Accreditation of Forensic Laboratories in Europe (AFORE)

The accreditation of forensic laboratories is very important for stimulating trust when exchanging information. The accreditation process recognizes that a laboratory is operating competently and can generate valid results. It involves assessment by a National Accreditation Body (NAB) against the accepted international standard (ISO/IEC 17025: General requirements for the competence of testing and calibration laboratories). Broad and effective management systems are essential (competency, technical, reporting results, continuous improvement) and scientific rigor is ensured with ‘technical experts’ working alongside the NAB assessors.

The EU recognizes that forensic science helps promotes cooperation between the police and judicial authorities, to provide justice across all EU Member States. The EU has developed a Vision for a European Forensic Science Area 2020 with a 6-point action plan (2016). One strand is to “Stimulate accreditation of forensic service providers and competence of forensic personnel on a voluntary basis” and the AFORE project moves this forward in 4 areas:

• The development of a European model for the accreditation of crime scene investigation, a critical and challenging stage in the forensic process. A documented management model will be piloted across several forensic laboratories.
• The provision of training and guidance to support forensic laboratories when introducing the recently updated international standard (ISO/IEC 17025:2017).
• The training of senior forensic practitioners as ‘technical experts’ to work alongside NABs when assessing forensic laboratories in 3 fast developing areas (scene of crime, cybercrime and facial image identification).
• The development of new and updated Best Practice Manuals (BPMs) across a wide range of forensic areas [Digital Images, Fibres, Gunshot Residues, Handwriting, Voice Comparison, Glass and DNA].

The role of forensic science in the investigation and prosecution of crime continues to increase and expand. Furthermore, cross-border crime (terrorism, organised crime, people trafficking etc.) remains very significant meaning that forensic cooperation across international borders is increasingly important. Clearly, this is significant for the operational forensic experts working in forensic science laboratories, but it is also very relevant to the law enforcement stakeholders across the EU (police and judiciary) who rely upon forensic science in their work. Common forensic approaches in different countries inspire confidence such that police operations in one country can make use of forensic information generated in a different country. This is also applicable for use of forensic information in support of courtroom prosecutions.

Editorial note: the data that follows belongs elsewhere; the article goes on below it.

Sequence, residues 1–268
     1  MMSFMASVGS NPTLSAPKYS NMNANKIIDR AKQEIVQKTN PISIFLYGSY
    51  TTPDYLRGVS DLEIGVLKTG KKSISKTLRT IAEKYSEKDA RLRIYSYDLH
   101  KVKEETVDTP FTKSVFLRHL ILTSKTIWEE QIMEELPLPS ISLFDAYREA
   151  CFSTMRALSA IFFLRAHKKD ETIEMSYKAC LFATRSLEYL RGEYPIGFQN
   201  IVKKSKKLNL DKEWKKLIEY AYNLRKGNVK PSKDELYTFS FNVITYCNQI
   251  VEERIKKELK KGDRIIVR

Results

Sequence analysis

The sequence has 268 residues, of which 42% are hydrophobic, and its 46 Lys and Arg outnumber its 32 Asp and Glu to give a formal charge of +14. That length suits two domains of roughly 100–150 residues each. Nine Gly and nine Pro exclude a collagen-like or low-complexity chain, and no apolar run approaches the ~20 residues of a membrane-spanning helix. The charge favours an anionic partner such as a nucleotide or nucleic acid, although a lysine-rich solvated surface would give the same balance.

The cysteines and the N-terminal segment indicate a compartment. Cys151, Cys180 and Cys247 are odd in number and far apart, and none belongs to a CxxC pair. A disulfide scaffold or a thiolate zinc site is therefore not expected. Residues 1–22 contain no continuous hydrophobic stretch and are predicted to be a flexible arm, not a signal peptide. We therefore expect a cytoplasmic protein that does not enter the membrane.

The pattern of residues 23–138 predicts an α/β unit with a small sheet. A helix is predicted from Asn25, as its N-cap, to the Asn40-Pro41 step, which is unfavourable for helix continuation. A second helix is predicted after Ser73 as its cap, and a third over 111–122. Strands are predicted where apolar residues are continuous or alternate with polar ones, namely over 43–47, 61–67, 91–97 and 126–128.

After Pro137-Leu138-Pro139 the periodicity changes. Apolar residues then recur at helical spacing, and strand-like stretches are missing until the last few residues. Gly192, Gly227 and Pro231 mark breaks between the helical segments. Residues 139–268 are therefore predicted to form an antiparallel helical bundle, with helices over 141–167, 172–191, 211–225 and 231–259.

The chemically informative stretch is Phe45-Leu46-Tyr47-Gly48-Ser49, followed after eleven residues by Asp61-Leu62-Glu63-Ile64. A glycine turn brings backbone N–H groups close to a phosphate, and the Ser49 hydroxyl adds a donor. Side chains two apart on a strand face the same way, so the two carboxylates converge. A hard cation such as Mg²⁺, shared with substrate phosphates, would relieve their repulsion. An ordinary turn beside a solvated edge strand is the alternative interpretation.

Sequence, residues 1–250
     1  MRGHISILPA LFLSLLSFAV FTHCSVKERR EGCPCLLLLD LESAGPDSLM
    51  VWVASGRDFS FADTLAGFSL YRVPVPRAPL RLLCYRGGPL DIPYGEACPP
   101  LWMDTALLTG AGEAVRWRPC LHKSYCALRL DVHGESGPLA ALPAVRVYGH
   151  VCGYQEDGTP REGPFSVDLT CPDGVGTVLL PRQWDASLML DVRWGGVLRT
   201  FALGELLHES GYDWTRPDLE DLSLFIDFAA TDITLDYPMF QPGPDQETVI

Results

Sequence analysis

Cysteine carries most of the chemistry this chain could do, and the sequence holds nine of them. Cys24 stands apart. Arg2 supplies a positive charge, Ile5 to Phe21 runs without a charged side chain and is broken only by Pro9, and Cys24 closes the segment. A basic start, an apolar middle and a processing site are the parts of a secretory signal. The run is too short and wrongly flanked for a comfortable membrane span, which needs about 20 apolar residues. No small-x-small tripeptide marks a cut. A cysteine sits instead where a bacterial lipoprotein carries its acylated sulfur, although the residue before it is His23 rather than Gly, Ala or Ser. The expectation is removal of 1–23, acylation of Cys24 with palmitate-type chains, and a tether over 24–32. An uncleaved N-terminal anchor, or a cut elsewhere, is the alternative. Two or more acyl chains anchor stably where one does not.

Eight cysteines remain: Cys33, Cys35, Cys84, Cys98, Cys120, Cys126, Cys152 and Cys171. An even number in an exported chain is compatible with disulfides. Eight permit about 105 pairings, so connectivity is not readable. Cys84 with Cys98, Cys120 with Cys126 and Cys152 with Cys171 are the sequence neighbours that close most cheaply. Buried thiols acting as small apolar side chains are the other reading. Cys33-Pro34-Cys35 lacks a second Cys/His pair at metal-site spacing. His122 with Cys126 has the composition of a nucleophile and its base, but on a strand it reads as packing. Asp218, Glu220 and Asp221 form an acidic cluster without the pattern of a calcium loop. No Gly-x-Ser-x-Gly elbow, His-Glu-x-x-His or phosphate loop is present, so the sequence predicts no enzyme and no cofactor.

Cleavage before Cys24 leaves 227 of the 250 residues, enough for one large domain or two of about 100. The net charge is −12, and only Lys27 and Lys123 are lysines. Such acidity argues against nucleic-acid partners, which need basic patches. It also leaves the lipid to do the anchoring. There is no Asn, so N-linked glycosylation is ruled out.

The EU has recognized the important of harmonising forensic practices across all Member States. The first step was the publication of Council Conclusions in 2011 proposing the creation of a European Forensic Science Area (EU Council Conclusions, 3135th Justice and Home Affairs Council in Brussels, 13th/14th December 2011) linked with the Vision for European Forensic Science 2020. This contained a set of ten wide-ranging objectives. Further Council Conclusions were published in 2016 (EU Council Conclusions and Action Plan on the way forward in view of the creation of a European Forensic Science Area, 3473rd Justice and Home Affairs Council in Brussels, 9th June 2016). The new document includes a detailed action plan with six specific areas:

1. Best Practice Manuals for forensic disciplines.
2. Stimulating exchange of forensic information from databases, for example in the area of weapons and ammunition, explosives and drugs.
3. Proficiency tests and collaborative exercises for forensic disciplines.
4. Forensic awareness and training for law enforcement and justice communities.
5. Stimulate accreditation of forensic service providers and competence of forensic personnel on a voluntary basis,
6. Stimulating exchange of forensic data via Prϋm and improving quality.

Within the Action Plan ENFSI is allocated ‘Coordinator’ role (either alone or combination with Member States) in areas 1, 2, 3. Further, ENFSI is explicitly mentioned as a relevant contributor in areas 4 and 5. Thus, current ENFSI strategic plans are being significantly influenced by the EU Vision for European Forensic Science 2020 and the European Forensic Science Area.

Previous EU Direct Action Grants awarded to ENFSI have been strongly directed towards the specific aims of the EU Vision for European Forensic Science 2020:

• Towards European Forensic Standardisation through Best Practice Manuals – TEFSBPM (HOME/2012/ISEC/MO/ENFSI/4000004278)
• Towards the Vision for European Forensic Science 2020 -TVEFS-2020 (HOME/2013/ISEC/MO/ENFSI/4000005962)
• Towards the Development of Pan-European Databases in Forensic Science (TDPEDFS) (HOME/2014/ISFP/AG/ENFS/7822)
• Steps Towards a European Forensic Science Area (STEFA) ISFP-2016-AG-IBA-ENFSI 779485

The AFORE Project will contribute towards the creation of the European Forensic Science Area 2020. It focuses on 4 activity areas that address the fifth item of the EU Action Plan: “Stimulate accreditation of forensic service providers and competence of forensic personnel on a voluntary basis”.

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